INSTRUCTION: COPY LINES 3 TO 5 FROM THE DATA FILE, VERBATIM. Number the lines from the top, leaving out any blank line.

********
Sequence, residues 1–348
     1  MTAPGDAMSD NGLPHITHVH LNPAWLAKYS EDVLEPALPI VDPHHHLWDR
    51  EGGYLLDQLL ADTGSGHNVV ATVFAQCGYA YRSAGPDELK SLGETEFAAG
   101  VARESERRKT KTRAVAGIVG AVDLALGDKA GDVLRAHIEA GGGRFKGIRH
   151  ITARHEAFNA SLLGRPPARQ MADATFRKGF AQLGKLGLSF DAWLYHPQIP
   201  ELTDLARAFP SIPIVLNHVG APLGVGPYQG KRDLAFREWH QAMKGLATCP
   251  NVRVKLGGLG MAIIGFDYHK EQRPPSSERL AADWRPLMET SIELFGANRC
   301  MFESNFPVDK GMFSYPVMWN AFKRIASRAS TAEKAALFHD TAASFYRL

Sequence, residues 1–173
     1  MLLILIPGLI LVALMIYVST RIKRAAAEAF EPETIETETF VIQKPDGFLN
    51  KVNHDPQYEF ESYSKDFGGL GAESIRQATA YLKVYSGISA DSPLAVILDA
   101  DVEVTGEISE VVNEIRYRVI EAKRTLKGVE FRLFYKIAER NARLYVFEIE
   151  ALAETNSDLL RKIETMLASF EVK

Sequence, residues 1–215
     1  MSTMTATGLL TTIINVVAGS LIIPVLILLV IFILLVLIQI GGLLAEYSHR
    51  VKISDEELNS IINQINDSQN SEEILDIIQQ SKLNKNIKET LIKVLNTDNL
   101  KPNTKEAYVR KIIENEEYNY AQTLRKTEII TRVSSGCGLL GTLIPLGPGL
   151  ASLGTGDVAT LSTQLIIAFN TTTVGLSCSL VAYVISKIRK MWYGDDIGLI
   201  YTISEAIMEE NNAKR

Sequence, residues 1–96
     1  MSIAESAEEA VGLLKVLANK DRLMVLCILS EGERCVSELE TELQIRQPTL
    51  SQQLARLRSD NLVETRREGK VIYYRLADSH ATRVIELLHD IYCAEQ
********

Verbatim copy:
    51  EGGYLLDQLL ADTGSGHNVV ATVFAQCGYA YRSAGPDELK SLGETEFAAG
   101  VARESERRKT KTRAVAGIVG AVDLALGDKA GDVLRAHIEA GGGRFKGIRH
   151  ITARHEAFNA SLLGRPPARQ MADATFRKGF AQLGKLGLSF DAWLYHPQIP